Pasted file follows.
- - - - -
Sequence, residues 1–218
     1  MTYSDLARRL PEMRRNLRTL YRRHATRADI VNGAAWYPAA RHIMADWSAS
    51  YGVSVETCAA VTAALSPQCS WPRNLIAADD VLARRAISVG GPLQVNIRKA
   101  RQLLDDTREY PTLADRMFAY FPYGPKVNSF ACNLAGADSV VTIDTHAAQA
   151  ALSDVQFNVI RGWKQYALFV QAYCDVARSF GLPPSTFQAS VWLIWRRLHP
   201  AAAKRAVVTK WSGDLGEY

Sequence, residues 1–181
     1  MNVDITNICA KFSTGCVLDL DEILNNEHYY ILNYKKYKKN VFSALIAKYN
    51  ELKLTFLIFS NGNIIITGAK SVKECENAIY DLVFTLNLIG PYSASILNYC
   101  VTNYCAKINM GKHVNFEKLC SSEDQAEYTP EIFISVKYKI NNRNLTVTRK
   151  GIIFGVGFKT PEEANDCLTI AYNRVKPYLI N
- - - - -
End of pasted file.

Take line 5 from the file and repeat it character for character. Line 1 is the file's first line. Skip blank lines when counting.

   151  ALSDVQFNVI RGWKQYALFV QAYCDVARSF GLPPSTFQAS VWLIWRRLHP